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The Ayatollah Khameini Explains It All For You

Iran’s mullahs are falling all over themselves to take credit for the wave of democratic fervor sweeping Egypt. Poverty, unemployment, oppression by a corrupt government — bah! According to the Ayatollah Khameini’s Friday sermon, it was the 1979 Iranian revolution that inspired the protesters in Tahrir Square. Isn’t it obvious? (This claim contrasts quite strikingly, by the way, with the movement afoot to assign credit to George W. Bush and his Freedom Agenda for the Egyptians’ newly awakened desire for democracy. Both claims are fishy, though one much more than the other.)

The loopy suggestion that the Iranian theocracy is the guiding light for the Egyptian protesters is no doubt particularly offensive to the throngs of pro-democracy Iranians who tried in vain to wrest their country out of the hands of those same mullahs in 2009. They, not the Ayatollah Khameini and his ilk, are the true antecedents to the demonstrators in Cairo. The Iranian leadership understands this very well, and is now closely monitoring the citizenry to prevent any reignition of the Green Movement as a result of the upheaval in Egypt.

Khameini’s attempt to verbally hijack the Egyptian democratic movement for an Islamist cause had a clear purpose: to remind Islamist fellow travelers in Egypt that the situation represents a great opportunity. (He helpfully switched from Farsi to Arabic during his sermon to ensure comprehension among Egyptian listeners.) Khameini urged the Egyptian protesters not to back down “until the implementation of a popular regime based on religion” — an admirably clear instruction that should serve to remind liberal democrats abroad, eager to welcome Islamists into any future Egyptian government in the name of tolerance and inclusion, just what is at stake here.

The American government might be a little fuzzy on this premise, but the Egyptian government is not. Foreign Minister Ahmed Aboul Gheit told MENA (the Egyptian state news agency) that Iran has “crossed all red lines”  by purporting to “jump on Egypt’s aspirations or those of its youth.” “The political and public movements towards reform in Egypt alone will design the future of the country and not the wishes of the mullahs of Iran,” he said. “Instead of seeking to distract the Iranian people with Egypt’s political movements, the Supreme Leader should look to Iran and its people who have been aspiring to freedom from an oppressive system.”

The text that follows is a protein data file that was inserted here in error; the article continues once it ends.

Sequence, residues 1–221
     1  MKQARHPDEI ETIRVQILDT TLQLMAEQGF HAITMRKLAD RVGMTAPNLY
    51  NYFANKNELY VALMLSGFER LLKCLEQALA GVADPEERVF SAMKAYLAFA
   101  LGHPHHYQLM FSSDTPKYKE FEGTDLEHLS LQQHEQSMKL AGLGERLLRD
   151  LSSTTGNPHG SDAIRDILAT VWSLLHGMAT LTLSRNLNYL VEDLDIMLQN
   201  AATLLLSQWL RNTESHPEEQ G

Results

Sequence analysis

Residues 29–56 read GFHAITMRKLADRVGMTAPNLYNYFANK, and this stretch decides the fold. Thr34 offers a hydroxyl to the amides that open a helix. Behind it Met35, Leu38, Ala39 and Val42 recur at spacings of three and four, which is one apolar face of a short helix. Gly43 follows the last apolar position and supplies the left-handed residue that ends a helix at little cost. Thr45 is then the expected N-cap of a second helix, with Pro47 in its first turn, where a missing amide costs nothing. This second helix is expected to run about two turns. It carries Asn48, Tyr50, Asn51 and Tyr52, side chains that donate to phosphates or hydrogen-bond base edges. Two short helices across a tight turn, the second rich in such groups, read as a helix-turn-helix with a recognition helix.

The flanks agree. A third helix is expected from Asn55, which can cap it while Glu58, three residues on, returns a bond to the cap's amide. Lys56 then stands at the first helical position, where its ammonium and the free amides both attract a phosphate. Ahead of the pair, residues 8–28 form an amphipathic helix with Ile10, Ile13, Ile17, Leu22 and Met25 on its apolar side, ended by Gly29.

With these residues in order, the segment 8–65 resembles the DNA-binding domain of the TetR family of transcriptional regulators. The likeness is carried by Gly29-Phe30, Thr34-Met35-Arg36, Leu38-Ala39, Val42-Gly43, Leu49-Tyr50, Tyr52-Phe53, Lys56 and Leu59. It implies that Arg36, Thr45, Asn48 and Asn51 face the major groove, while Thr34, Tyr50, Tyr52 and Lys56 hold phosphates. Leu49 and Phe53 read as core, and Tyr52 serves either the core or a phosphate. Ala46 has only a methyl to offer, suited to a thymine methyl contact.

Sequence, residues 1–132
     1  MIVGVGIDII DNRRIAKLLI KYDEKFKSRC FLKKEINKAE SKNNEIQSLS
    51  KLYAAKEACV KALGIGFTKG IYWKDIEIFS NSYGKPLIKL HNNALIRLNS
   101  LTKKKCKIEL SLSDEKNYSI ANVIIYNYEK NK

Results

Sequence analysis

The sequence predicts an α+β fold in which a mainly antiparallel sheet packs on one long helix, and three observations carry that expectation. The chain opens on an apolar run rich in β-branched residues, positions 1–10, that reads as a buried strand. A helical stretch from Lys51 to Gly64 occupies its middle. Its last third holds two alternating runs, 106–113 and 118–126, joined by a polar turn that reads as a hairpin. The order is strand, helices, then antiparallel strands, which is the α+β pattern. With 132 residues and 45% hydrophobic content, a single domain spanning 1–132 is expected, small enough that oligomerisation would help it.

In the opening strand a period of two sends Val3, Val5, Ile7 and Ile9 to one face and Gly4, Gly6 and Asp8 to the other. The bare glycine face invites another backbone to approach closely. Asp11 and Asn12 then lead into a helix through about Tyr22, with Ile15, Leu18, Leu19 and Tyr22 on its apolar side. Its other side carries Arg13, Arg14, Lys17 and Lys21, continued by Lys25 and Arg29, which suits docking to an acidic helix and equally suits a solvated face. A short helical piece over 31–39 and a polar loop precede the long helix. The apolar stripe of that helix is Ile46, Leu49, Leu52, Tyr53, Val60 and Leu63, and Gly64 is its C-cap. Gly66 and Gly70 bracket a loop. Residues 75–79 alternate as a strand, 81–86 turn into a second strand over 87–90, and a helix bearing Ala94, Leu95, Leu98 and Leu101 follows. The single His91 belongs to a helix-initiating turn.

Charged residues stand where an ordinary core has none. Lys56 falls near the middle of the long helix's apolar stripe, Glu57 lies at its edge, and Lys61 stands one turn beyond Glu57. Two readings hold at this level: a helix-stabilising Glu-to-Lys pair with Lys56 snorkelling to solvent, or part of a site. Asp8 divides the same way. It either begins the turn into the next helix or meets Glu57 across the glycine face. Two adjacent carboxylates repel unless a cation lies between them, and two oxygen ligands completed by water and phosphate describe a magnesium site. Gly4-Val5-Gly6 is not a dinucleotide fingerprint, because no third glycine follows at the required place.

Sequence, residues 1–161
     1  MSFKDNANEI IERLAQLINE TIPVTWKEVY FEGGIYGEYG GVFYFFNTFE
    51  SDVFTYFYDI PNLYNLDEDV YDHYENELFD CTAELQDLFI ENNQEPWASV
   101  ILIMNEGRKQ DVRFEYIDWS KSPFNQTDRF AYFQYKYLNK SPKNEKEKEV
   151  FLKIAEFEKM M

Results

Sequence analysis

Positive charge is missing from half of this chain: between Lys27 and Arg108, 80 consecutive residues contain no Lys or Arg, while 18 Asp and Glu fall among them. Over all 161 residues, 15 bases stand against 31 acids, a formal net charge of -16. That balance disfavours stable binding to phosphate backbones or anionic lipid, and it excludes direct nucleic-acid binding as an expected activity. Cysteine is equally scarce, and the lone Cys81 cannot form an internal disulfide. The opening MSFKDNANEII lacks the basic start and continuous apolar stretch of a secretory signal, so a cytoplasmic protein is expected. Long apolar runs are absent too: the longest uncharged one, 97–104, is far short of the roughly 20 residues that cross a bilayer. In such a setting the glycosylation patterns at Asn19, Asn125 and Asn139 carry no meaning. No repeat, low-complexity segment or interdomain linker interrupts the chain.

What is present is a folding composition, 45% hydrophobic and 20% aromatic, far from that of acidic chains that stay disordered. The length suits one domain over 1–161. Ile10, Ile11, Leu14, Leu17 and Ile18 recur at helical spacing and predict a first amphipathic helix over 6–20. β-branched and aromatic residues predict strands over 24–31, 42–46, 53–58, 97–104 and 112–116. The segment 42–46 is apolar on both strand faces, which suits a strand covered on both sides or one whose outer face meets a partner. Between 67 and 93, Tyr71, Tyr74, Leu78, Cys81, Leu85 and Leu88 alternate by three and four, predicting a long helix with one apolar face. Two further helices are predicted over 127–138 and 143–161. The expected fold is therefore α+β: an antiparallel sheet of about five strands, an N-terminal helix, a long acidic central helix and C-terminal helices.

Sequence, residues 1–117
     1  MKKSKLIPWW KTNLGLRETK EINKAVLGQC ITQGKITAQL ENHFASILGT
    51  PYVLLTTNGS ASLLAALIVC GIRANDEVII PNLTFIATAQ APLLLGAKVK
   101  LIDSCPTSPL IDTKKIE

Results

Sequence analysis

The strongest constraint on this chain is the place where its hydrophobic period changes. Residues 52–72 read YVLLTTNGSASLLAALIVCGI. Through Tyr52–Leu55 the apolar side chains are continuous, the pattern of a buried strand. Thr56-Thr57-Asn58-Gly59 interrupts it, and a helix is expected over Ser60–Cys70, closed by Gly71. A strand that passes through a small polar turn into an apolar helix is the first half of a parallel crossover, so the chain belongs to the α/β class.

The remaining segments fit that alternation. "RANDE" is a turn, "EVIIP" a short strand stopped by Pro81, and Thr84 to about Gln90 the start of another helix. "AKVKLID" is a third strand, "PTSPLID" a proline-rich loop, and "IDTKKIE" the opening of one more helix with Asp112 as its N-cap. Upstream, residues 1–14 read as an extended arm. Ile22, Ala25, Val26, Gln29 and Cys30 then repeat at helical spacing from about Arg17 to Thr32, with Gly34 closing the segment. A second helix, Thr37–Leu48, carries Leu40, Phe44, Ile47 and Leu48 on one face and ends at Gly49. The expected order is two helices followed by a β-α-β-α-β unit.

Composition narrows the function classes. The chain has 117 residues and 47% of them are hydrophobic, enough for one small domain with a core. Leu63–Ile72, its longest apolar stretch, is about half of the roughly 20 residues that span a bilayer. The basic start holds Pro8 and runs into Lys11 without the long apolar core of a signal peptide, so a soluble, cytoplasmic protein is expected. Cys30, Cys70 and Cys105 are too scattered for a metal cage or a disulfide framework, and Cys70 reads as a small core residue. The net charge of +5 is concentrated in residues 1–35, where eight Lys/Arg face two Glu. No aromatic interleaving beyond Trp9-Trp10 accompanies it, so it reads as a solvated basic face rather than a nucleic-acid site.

The mullahs’ specious claim to credit provides a useful corrective. It reminds us that the Egyptian pro-democracy movement is not — yet — an Islamist movement in sheep’s clothing, but is vulnerable to such co-option and must be protected. It illuminates the divide between the Muslim Brotherhood (Egypt’s homegrown fundamentalists) and the protesters themselves, whose expressed goals are primarily economic, social and political rather than jihadist.

The Brotherhood, in keeping with its shiny new image as an organization of political moderates, has decried the Iranian call to arms as a misrepresentation of the Egyptian democracy movement. That’s the kind of talk that opens doors, not death-to-Israel ranting. The Brotherhood’s canniness is already paying substantial dividends: it will almost certainly cease to be outlawed and will probably be on the ballot in the next election.

That might not seem like much — everybody’s entitled, right? — but if you want to know where it can lead, ask Sa’ad Hariri. Until very recently, he was Prime Minister of Lebanon. The militant Islamist group Hezbollah — which, by the way, is shortly to be indicted by a UN tribunal for assassinating Sa’ad’s father Rafik when he sat in the PM’s chair — muscled its way into the Lebanese government and now owns it. It didn’t take very long, either.

The Brotherhood’s success in Egypt will depend in large part on American credulousness. It is concealing its Islamist agenda behind a smokescreen of Western-friendly language, but that agenda hasn’t changed one jot. The Brotherhood’s true goals are easily found by anyone with the inclination to look. The White House and State Department appear unconvinced by the ideological link that connects Iran’s mullahs to Egypt’s Islamists. Maybe the Ayatollah Khameini can get their attention.